Ellen Gruenbaum studied Anthropology at Stanford University (A.B.) and the University of Connecticut (M.A. 1974 and Ph.D. 1982). She joined Purdue in 2008. She previously served as Professor of Anthropology and Dean of the College of Social Sciences at California State University, Fresno. She has also held teaching positions at the California State University, San Bernardino, University of Wisconsin College in Manitowoc, and the University of Khartoum, Sudan.
Ellen Gruenbaum is a culturally-oriented medical anthropologist who has done ethnographic research with a special focus on women’s health issues, gender, religious practices, and development in Africa and the Middle East. She has conducted research in Sudan and Sierra Leone on the practice of female genital cutting and the social movements against “harmful traditional practices.” She has served as a research consultant to UNICEF and CARE on traditional health practices.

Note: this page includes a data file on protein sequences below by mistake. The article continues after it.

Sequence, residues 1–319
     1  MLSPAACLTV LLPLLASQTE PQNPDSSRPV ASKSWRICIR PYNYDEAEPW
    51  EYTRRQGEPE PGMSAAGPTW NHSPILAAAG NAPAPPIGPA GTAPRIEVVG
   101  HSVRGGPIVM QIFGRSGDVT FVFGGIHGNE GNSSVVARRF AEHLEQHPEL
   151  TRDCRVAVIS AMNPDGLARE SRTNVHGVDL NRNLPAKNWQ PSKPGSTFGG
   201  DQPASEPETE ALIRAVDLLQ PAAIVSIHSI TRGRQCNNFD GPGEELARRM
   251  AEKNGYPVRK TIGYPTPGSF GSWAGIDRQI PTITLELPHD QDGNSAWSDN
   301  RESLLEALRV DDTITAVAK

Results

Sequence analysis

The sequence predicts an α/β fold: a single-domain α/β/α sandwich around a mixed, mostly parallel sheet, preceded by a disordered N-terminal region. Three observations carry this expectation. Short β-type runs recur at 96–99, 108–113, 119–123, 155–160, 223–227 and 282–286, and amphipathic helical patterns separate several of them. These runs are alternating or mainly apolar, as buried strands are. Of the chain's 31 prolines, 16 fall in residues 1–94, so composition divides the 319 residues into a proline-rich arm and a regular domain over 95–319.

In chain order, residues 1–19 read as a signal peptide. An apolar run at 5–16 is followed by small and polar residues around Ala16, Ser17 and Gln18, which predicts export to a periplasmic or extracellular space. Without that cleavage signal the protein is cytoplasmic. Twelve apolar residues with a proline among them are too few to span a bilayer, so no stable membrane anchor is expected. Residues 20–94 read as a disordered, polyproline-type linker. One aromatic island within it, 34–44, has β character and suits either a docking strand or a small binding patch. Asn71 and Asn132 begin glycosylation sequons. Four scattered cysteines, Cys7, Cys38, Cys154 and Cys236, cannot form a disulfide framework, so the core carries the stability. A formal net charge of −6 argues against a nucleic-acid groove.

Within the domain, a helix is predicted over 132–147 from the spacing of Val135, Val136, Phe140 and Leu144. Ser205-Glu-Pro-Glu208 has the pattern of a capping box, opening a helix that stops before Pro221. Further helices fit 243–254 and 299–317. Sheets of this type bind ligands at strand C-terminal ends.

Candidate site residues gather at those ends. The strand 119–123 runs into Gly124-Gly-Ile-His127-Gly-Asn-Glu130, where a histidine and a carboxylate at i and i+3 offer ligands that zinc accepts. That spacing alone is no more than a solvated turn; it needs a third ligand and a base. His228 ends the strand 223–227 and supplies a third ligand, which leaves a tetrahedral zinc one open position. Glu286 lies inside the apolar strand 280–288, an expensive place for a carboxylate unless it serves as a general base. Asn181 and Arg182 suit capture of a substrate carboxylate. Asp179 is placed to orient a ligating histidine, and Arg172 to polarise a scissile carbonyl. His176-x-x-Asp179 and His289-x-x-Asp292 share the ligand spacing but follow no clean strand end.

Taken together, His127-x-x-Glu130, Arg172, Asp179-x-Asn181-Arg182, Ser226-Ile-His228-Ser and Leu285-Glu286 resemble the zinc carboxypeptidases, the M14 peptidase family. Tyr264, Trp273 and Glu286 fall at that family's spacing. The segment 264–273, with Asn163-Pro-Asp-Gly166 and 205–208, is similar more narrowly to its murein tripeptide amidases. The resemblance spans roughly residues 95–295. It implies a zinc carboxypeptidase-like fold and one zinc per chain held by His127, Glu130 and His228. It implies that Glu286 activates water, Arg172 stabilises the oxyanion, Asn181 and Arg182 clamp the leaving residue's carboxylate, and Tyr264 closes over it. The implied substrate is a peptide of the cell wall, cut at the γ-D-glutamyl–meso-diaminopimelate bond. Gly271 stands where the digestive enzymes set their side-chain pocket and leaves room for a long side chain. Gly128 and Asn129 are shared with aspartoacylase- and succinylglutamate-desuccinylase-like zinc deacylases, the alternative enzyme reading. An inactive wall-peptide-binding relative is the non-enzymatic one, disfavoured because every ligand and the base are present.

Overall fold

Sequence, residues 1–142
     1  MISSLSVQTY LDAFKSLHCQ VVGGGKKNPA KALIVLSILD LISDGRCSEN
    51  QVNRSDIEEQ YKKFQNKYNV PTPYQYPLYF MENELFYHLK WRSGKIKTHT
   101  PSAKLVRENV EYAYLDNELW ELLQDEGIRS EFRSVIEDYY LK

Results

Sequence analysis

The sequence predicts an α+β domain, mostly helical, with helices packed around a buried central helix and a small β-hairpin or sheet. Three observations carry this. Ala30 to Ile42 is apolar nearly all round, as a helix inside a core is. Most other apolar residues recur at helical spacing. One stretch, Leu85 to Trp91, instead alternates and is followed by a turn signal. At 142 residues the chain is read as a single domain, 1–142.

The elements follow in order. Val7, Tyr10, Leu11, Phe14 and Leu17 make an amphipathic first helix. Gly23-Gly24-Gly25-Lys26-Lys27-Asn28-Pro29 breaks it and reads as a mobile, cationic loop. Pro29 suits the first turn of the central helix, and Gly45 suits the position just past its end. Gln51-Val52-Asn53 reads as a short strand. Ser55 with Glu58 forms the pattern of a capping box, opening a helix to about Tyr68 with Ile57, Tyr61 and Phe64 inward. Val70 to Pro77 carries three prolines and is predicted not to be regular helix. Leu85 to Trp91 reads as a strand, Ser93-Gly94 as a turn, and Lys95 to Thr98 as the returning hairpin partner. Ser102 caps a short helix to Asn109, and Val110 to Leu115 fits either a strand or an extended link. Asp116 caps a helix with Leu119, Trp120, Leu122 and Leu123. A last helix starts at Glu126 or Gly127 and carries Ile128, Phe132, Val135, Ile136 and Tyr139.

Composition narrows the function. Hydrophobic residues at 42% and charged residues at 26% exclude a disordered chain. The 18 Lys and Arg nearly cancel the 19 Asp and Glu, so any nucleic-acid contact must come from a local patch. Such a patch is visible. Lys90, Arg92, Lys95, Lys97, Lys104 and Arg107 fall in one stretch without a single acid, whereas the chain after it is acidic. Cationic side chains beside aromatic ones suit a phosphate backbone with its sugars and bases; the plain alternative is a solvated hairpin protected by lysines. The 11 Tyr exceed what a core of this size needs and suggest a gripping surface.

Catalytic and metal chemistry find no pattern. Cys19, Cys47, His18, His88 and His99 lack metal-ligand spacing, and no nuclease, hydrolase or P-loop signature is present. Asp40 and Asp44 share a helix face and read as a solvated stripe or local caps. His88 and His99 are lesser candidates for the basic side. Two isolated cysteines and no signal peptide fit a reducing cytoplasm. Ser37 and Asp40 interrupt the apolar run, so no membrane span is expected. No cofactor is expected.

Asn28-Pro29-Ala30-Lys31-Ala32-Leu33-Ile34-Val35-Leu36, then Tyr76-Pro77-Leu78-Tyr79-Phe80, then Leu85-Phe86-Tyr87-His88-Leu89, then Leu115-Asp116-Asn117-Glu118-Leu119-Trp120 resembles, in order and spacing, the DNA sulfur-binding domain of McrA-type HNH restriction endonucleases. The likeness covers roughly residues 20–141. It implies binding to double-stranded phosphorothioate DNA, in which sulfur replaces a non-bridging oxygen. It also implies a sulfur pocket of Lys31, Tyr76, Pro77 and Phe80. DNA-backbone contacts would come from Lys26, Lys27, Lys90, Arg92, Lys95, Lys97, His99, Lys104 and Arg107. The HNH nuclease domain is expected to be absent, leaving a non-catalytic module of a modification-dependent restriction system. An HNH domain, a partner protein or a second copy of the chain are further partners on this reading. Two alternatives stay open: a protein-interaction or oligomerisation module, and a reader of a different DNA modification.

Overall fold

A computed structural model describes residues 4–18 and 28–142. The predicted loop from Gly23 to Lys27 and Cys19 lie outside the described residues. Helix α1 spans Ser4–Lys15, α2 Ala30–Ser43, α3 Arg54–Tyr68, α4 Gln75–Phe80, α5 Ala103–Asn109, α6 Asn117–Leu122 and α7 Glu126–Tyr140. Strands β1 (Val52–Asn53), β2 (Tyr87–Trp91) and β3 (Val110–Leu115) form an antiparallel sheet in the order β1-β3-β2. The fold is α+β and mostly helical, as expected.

Cultural anthropology courses on cultural anthropology, including religion, gender, health, and post-colonial situations. Africa and the Middle East.
Her interest in the controversies among cultural self-determination, international human rights, and women’s rights led to her past service on the Committee for Human Rights of the American Anthropological Association and the Association for Feminist Anthropology. She currently serves as the secretary of the Society for Medical Anthropology. Gruenbaum is the author of The Female Circumcision Controversy: An Anthropological Perspective (University of Pennsylvania Press) and numerous articles and book chapters. She serves on the editorial advisory board of the Journal of Middle East Women’s Studies.